Class Description

Don Giannatti returns for a special workshop on tabletop product photography. Don starts with an introduction to tabletop lighting - tools, scrims, DIY gear - and how to organize your shoot around a tabletop to bring everyone up to speed. Then Don will teach you the basic concepts of Tabletop Product Photography. Finally Don will ramp up to more advanced topics adding extras such as kicker lights, snoots, and grids that can bring your work up a notch.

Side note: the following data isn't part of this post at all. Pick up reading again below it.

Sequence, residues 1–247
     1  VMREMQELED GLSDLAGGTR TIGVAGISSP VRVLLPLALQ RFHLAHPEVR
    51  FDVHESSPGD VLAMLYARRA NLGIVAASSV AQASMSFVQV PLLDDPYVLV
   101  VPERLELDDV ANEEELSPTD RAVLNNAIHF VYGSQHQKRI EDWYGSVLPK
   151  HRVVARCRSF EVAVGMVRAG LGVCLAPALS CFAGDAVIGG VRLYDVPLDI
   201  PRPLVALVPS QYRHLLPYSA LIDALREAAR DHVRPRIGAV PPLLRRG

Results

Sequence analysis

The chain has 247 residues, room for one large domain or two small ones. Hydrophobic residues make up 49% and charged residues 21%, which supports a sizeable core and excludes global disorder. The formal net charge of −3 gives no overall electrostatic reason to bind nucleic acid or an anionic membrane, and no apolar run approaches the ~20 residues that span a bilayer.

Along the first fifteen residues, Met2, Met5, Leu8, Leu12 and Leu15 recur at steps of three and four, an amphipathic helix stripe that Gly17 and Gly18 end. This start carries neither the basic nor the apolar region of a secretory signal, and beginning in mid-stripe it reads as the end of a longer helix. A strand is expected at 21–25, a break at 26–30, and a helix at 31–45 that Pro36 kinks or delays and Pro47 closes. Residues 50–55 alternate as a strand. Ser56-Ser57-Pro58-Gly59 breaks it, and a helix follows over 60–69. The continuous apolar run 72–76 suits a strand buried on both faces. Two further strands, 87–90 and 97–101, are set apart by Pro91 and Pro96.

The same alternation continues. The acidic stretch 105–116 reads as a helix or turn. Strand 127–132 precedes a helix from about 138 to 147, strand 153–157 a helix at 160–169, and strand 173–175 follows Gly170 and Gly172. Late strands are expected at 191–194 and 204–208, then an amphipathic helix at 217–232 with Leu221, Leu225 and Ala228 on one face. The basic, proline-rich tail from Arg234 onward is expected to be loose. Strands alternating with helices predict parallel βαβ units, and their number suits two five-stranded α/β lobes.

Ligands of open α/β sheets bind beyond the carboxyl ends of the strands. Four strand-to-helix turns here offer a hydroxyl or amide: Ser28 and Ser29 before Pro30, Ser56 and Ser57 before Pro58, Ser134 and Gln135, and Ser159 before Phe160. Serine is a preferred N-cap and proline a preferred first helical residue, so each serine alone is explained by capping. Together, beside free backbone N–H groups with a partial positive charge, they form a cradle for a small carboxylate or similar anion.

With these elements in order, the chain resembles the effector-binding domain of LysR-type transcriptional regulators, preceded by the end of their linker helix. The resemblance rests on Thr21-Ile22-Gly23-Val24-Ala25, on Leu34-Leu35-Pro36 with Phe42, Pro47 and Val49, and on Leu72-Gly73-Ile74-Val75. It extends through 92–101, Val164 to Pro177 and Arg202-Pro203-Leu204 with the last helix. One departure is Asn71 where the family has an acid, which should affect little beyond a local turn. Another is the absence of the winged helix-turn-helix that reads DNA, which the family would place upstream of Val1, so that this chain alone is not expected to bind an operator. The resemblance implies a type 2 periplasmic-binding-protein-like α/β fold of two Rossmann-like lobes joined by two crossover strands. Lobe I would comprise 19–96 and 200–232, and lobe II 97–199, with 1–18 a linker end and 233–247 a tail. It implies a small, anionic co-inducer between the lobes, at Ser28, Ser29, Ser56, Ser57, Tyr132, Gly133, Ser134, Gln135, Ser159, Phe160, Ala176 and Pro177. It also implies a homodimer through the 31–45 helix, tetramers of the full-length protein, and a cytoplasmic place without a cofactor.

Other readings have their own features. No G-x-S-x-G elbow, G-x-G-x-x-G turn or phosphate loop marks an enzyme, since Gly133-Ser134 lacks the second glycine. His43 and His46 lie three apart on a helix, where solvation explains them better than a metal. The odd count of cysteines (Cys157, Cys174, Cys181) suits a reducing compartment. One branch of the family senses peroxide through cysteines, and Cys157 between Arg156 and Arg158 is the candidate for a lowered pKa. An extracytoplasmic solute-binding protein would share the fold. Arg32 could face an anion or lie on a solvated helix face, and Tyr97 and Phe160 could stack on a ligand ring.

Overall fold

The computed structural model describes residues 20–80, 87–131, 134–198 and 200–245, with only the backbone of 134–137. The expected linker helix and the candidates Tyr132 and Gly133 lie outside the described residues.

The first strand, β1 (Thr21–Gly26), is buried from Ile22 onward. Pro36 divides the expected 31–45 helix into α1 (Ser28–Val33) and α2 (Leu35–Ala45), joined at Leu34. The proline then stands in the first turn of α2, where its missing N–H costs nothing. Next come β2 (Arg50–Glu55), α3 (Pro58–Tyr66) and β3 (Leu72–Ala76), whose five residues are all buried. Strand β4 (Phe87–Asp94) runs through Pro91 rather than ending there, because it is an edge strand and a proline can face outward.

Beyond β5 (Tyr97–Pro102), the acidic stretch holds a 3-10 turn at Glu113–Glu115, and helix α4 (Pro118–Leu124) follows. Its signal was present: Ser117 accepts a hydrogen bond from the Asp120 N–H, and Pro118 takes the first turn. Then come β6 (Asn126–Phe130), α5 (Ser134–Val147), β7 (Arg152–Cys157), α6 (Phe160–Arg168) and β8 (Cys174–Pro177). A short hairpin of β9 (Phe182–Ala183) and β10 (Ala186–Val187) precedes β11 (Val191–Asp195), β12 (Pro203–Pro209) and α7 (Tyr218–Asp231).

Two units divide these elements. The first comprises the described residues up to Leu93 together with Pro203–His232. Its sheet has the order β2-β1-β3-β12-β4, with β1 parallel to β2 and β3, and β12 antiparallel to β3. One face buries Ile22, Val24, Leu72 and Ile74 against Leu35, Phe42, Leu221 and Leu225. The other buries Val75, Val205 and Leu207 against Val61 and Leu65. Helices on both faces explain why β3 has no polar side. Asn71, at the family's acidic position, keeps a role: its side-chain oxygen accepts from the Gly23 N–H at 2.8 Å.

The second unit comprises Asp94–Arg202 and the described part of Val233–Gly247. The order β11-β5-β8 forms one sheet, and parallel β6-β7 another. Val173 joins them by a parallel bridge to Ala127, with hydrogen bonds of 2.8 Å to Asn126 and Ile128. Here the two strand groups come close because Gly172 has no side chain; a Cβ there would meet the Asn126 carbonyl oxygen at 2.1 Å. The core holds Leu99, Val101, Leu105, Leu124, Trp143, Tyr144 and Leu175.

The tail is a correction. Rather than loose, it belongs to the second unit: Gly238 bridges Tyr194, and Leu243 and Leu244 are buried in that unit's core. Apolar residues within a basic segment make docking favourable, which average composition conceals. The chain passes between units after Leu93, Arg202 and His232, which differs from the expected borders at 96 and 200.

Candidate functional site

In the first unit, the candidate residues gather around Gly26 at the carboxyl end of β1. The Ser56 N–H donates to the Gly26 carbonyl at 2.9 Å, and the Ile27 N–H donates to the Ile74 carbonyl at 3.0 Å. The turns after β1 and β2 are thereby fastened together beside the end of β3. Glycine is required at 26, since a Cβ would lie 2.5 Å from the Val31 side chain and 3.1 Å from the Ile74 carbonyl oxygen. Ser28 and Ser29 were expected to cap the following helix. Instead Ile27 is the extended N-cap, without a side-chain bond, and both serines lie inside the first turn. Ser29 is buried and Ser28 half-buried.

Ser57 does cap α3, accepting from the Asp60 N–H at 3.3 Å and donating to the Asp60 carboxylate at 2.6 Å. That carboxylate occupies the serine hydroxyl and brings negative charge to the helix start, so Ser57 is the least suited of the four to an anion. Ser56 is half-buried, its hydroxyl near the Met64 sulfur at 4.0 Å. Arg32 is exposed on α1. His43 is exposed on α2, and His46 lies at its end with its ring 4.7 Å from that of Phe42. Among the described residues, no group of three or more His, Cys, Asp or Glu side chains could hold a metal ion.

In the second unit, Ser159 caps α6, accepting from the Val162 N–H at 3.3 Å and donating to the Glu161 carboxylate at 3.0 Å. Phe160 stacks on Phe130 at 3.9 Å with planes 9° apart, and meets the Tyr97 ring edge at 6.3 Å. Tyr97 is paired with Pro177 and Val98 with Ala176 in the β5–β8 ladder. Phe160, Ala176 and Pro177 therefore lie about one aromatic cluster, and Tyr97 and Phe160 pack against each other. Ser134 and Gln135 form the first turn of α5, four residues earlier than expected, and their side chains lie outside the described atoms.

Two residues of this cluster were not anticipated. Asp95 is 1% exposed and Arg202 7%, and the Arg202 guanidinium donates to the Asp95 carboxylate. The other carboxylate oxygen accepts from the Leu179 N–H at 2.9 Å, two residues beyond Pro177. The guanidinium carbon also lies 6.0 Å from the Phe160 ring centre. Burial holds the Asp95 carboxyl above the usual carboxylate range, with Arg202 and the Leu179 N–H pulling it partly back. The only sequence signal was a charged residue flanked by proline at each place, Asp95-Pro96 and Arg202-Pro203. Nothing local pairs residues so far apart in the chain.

THere are some courses in CL i think of as not covering a to z but covering -z to z. THis is one of those courses. The value proposition is over the top. The instricutor: Don Giannatti is so experienced he's a relaxed in his knowledge and practiced in cutting to the chase to provide answers to really good questions about set ups for product photos (vs. art/ still-life). The topics: complete workflow from first principles in order to understand what we're trying to achieve with table top work, Don Giannatti makes it clear that we're using light deliberately to give shape to an object. Example insight: using a white card (or black) reflector is not the same as using a silver/gold reflector. The latter create a new light source; the former shape the light that's there. Can imagine the arguments but the demo brings the points home. Or how about NOT using umbrellas for product shots. Or for "drop and pop" product shots, how to do that without umbrellas and tents "that's 50 dollars a shot right there" says Giannatti. Example tool demo: one of the joys of this course is that such an expert does most of the class using readily makable tools like scrims from shower curtains and baking paper. The specialist tools like a modifier on a flash is well within the range of an aspiring commerial table top photographer. And Meaningful Demos LIGHTING/composition what are some of the most challenging and compelling things to shoot when building a portfolio/photographic experience? Can you shoot shiny stuff - like bottles and jewlery. PHOTOSHOP making photoshop unpretencious and accessible, Giannatti presents examples of how to fix bits of a shot, as well as - and this one is worth the price of admission - how to put together a composite of a guitar product shot if you only have one limited sized light to light the whole thing. We also see where highlights can be added - and how. Some basic knowledge of Photoshop layering, masking and brushes would be good to have, but one can work back from seeing it applied into those basic skills. BUSINESS We start with light giving shape to objects as a demonstrable principle, move into how to use light structurally for bringing out something fantastic about that product - that as Giannatti points out - puts bread on someone's table, so respect. From these demos we go from light and camera to post to produce the finished image. Now what? or how have a product that needs shooting? That's the business of product photography. In these excellent sections on Business, Giannatti details the heuristics of hard graft to get gigs: where to look for contacts, frequency of approach, engaging with social media (you don't have to, he says, but effectively, it's gonna cost ya). "Doing just these few things you're already way ahead of your competition." I can believe it: they are many of them tedious, but can also well believe they are what pay off. COURSE BONUSES JUST FOR SIGNING UP - for those who subscribed to a live broadcast, all the slides were provided in advance (you can see this offer on class materials) Now that's classy. What other CL courses have done that: given something to participants who just show an interest to sign up? (It's that gift thing kevin kubota talks about in his workshop on photography business - makes one want to work with that person: pay them for the value they create, eh?) TRUST/VALUE Instructor Personality Throughout each part what's delightful is just the EXPERIENCE of this instructor. He's put together a thoughtful course from light to lighting to parts to gear to post to business. There's immediate trust: plainly this man has made a living from what he's talking about, and has addressed almost any immaginable scenario. There's a great demo towards the end of the course of working with students to take shots. The value to folks watching is to see how he helps us all think about how to problem solve (the mantra for the course) to find the shot - to use light card after lightcard to wrap the light to bring out the countours of the material. Even when he says "that's just not working" - there's not a sense of the people shooting having failed - but an opportunity to think about what's been learned - to keep working the problem. There's a whole lot of HOW in that interaction that is highly valuable. Thanks to the participants in the workshop to be so willing too to do that work. This is the kind of course you leave feeling like ok, i can do this - or at least i have the tools and some knowhow now about them to start to work these problems, to start to create value in these kinds of shots. I am already just from being here a better photographer now. Related CL Course: This course feels like a terrific complement to Andrew Scrivani's Food Photography. And no wonder: both take place in small areas and use light in similar ways. A contrast is that in editorial food photography - scrivani's domain - there's a focus on skills to work with what's there; in table top/product, one can enhane - knowing how to do that effectively/believably is where the skills - learning to see that - come in for this kind of work in partiular . If tabletop/product photography is a space you wish to explore, or you just want to be able to practice working with light in the small, and see how to bring you will be delighted with this -z to z deep dive introduction.